In 2011, there were 10,519 divorces and annulments in Cook County and 33,789 in Illinois. The Illinois Attorney General’s Office reports that there were 562,203 child support cases in Illinois in 2007, affecting 648,892 children. A substantial number of these same children were likely to be involved in questions of custody and visitation.
Illinois law on visitation rights
Generally, courts do not want to prevent a parent from having some level of visitation with children. However, an Illinois family court may restrict or limit visitation if the court were to find the restriction or limitation in the best interest of the child. Illinois law provides that a non-custodial parent is allowed reasonable visitation rights unless the court determines after a hearing that visitation would subject the child to serious physical, mental, moral or emotional harm. Reasonableness may be established by examining the children’s ages and the parent’s ability to provide a healthy environment for the children, taking into consideration the court’s interest in promoting frequent contact between parents and children. Pursuant to Illinois law (750 ILCS 5/607(a)), a parent not granted custody is entitled to reasonable visitation rights unless the court finds that visitation would endanger seriously the child’s physical, mental moral or emotional health.
Methods to restrict visitation
When a court determines that restricting visitation is required, a judge may tailor the restriction to lessen an apparent danger or problem. For example, a judge might organize visits outside of the non-custodial parent’s home or require visits only in the custodial parent’s home to prevent exposing the child to harmful behavior that occurs at the non-custodial parent’s home.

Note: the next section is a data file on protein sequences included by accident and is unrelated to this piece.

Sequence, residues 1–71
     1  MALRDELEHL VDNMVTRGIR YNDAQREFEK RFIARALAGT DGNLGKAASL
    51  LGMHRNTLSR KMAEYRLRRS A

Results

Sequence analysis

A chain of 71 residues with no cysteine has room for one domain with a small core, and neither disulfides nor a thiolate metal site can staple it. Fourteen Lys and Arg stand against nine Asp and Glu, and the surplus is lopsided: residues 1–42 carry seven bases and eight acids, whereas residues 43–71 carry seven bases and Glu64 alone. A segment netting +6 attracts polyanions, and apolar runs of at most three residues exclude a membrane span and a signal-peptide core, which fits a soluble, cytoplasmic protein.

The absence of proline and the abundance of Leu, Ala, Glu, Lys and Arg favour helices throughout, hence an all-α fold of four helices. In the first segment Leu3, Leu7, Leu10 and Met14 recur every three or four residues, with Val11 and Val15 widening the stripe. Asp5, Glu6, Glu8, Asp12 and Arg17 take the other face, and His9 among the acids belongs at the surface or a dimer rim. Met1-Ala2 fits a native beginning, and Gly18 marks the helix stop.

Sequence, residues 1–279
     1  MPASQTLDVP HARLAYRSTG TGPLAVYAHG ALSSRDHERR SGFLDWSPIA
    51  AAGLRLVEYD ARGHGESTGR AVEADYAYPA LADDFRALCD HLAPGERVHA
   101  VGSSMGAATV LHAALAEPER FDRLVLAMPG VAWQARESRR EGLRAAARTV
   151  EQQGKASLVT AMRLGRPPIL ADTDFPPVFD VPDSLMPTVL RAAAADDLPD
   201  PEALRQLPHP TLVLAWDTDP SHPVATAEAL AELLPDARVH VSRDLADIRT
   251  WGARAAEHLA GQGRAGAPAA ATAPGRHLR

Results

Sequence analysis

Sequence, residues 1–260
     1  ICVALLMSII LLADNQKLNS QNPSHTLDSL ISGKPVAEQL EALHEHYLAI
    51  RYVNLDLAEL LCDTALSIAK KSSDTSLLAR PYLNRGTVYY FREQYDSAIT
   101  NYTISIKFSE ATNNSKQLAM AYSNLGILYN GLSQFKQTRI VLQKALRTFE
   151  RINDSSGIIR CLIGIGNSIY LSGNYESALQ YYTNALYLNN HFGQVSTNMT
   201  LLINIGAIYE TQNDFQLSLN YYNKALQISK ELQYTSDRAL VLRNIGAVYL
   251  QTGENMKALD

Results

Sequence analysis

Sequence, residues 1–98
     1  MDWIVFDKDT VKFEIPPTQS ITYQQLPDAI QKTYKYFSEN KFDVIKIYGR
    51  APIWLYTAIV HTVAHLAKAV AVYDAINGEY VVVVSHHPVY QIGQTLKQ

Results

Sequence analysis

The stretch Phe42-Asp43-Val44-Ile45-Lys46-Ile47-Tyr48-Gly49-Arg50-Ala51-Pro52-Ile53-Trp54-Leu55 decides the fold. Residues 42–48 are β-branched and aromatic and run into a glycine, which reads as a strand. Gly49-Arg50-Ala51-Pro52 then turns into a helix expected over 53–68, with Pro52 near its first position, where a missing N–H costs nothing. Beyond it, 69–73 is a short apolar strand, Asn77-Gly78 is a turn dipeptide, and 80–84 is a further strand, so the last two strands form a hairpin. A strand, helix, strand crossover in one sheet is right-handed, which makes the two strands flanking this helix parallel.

Other examples of restricted visitation plans include:
Such restrictions may be implemented when the court determines that a parent’s behavior is likely to endanger the child or children.
Examples of visitation arrangements
The common visitation schedule of two weekends a month, one night a week during the off week, alternating the major holidays and two weeks in the summer is not always a given. Courts and ex-spouses have become more creative in formulating visitation schedules that accommodate the parents’ lives. Following is a brief glimpse at some non-traditional visitation arrangements:
While the visitation plans have become more creative, courts apply the same standard of the best interest of the child to evaluate its effectiveness.
If you are contemplating a divorce or reexamining existing custody arrangements, meet with an experienced family law attorney.
Born in Havana, Cuba, Paul Chatzky is fluent in Spanish and English, enabling him to effectively represent a wider range of individuals and families. He is AV® Preeminent™ Peer Review Rated by Martindale-Hubbell®, and is listed among Illinois Super Lawyers, which is a reflection of his high ethical standards and exceptional legal knowledge. As a…
Prior to joining the firm as a paralegal, Debbie was employed by major banking institutions as a loan processor and as an executive secretary. Debbie was also employed as an administrative assistant for the Board of Jewish Education. Having majored in Sociology, Debbie graduated from the University of Florida in 1980. Debbie completed her studies…